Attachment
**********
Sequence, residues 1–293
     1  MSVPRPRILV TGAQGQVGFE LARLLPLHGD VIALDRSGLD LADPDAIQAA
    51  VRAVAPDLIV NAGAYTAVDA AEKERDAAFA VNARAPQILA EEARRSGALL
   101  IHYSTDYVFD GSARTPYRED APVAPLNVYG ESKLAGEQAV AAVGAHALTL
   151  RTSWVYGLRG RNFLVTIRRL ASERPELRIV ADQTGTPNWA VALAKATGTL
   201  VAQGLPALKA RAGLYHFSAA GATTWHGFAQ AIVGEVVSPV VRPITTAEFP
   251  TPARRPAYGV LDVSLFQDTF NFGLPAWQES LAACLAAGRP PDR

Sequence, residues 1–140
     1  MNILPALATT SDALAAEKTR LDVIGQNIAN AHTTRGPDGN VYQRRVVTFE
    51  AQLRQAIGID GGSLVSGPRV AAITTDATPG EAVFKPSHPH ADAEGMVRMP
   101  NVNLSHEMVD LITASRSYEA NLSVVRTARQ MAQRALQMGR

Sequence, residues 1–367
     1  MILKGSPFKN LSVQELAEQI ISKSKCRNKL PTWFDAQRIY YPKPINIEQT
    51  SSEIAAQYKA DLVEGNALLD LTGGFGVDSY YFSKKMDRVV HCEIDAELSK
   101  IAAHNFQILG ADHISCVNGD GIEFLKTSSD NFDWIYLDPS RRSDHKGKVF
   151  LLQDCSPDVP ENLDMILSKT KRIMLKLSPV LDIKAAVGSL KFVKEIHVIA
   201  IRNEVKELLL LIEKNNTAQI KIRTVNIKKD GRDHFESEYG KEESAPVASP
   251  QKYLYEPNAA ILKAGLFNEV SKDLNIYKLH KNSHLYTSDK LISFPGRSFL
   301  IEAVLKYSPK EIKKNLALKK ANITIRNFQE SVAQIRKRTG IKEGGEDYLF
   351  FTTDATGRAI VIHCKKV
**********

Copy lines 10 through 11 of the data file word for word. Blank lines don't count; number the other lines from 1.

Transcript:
    51  AQLRQAIGID GGSLVSGPRV AAITTDATPG EAVFKPSHPH ADAEGMVRMP
   101  NVNLSHEMVD LITASRSYEA NLSVVRTARQ MAQRALQMGR